It was the most raw and emotionally brutal court cases I’ve ever sat through — the Commonwealth of Pennsylvania vs. Jerry Sandusky. Eight young men ranging in age from 18 to 28 testifying about their utter loss of innocence at the hands of a serial pedophile who plucked his prey out of the ranks of his own charity. The powerful and often tearful testimony came at us rat-a-tat-tat so that observers felt smacked between the eyes at the end of every day.
In the end, Sandusky was found guilty of 45 of 48 charges of sexually abusing young boys. I suppose you could call it a victory for the damaged young men who climbed into the witness box and sobbed while, literally, gasping for breath as they told their gut-wrenching stories. But really no one wins. Not even if the victims get a monetary settlement from Penn State University, the institution that first learned of Sandusky’s proclivities back in 1998 and still let him roam its campus and locker room showers with his young targets in tow. Talk about enablers!
I began reporting on high-profile suspected pedophiles 19 years ago when I became the first to tell the world that California police had targeted Michael Jackson as a possible molester of boys. I followed the Jackson story for more than a decade, and as I sat in the Sandusky courtroom I marveled at the parallels.
Although a jury found Jackson not guilty on all counts, in my opinion, his behavior and that of Sandusky are classic case studies of how a serial predatory pedophile acts.
Both men were famous — one admired on an international stage, the other within his community and the world of sports. Both men projected an aura of truly caring about children. Jackson outfitted his Neverland Ranch to be the quintessential child magnet, with its full-scale amusement park, zoo and movie theater.
Sandusky, as we learned through testimony, designed his own boy-cave in the basement of his home, with games, a dartboard, pool table, air hockey table, television and water bed. Both men focused on boys from single-family homes where beleaguered mothers were grateful to have what they saw as a positive “father figure” for their boys.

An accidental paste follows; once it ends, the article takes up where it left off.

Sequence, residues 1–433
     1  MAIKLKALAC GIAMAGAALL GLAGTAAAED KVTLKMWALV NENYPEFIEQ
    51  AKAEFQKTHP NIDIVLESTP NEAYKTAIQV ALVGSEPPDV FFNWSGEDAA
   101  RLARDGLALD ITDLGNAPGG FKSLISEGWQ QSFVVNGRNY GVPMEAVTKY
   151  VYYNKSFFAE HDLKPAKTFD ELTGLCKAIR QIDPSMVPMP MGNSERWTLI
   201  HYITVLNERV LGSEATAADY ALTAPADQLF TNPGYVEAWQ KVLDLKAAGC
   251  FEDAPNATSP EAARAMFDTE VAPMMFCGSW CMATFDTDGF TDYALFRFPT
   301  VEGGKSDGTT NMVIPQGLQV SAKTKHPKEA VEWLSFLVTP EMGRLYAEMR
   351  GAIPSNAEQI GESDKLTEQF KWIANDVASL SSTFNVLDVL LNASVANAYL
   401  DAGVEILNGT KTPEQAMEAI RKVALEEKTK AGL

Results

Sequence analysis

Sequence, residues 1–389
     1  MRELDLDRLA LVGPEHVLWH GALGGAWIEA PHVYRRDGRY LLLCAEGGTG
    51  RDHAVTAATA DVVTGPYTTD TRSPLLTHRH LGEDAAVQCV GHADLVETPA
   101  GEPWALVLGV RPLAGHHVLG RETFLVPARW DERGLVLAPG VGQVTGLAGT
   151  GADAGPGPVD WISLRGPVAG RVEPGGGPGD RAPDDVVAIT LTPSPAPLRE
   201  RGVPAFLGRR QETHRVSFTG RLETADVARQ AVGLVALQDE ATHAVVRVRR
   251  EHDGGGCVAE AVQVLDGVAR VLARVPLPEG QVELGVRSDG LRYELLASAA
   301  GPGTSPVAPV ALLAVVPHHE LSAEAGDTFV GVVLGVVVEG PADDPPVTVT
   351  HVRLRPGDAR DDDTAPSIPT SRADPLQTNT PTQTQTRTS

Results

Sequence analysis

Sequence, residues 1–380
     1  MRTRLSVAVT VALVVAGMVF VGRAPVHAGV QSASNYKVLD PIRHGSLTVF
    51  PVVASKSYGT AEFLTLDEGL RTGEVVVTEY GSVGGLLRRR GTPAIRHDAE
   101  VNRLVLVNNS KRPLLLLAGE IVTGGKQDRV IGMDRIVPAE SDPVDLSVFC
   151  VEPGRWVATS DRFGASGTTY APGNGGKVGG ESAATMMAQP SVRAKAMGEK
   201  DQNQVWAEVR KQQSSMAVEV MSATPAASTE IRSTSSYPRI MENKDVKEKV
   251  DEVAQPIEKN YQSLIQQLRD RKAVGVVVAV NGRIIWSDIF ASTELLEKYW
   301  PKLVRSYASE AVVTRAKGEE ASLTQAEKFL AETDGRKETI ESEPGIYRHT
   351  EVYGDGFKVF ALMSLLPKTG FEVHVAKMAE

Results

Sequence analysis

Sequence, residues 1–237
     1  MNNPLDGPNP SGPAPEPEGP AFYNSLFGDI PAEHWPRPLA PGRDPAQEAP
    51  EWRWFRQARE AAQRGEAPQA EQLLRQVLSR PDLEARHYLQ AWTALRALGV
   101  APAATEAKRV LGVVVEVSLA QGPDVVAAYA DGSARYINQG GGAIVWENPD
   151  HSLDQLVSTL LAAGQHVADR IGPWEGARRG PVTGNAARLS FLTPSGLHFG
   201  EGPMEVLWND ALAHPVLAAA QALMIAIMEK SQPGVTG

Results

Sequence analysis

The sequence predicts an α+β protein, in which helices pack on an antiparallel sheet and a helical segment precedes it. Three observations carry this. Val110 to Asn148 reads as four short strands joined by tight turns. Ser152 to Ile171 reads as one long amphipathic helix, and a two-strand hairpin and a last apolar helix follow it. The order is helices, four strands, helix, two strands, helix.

When questioned about their constant proximity to other people’s young sons, both Jackson and Sandusky professed the world did not understand their actions, that they “truly loved” all children, and they made a point to sprinkle a few girls among the crowd of boys to cover up their secret lust.
And when their actions with children were exposed, both men very publicly turned on the very thing they claimed they loved so much — the children — calling them liars, money-grubbers and conniving manipulators out to hurt a great man for some unexplained reason.
It was sickening to watch years ago and even more sickening to sit in that courtroom the last couple of weeks and realize the general population still doesn’t realize how to spot a pedophile on the prowl.
I get weary wondering how long it will take to convince people that pedophiles are really the very people you think they could never be. They are the most charming, personable, charitable and kid-friendly people you would ever want to meet. They pay their taxes, go to church, often have respectable jobs and cloak themselves in acts of charity. They say they just want to help you raise your child by being a positive influence in their lives.
Remember, pedophiles are on the hunt all the time, and it is their charm that gets them past the parent so that they can then prey on the child. When they get caught, they rely on authorities to look at their “upstanding lives” and compare it to the life of the single parent and troubled kid who is making the allegations against them. Too often detectives have believed the perpetrator’s version of events, and they are left alone to violate again.
I don’t want to make parents into monsters of suspicion, but the only way to stop pedophiles from targeting children is for grown-ups to learn how to identify them. If the overly friendly person has a “special place” they take kids, if they are always surrounded by one gender of child, if the suspect takes kids home to watch movies (a typical grooming tool is to “mistakenly” show pornography to a child to gauge their reaction), if the child comes home in an uncharacteristically somber mood or with wet hair or clothes -— get suspicious. The warning signs are often there if adults just pay attention.
Parents can educate our children about “good touch/bad touch,” but again, these serial predators are so masterful at what they do, your child will already be victimized by the time they realize what kind of touch they’ve just gotten.
Look, we know the damage childhood sexual abuse causes. Victimized kids grow into angry, troubled adults. So when do we break the cycle? How do we let every child know they must never keep such a secret? We’ve launched successful campaigns to get people to fasten their seat belts or quit smoking. We set up a nationwide system to make sure terrorists don’t board airplanes. So why can’t we come up with a cohesive plan to educate people to stamp out predatory pedophiles?
The answer is: We can — if we make it a priority.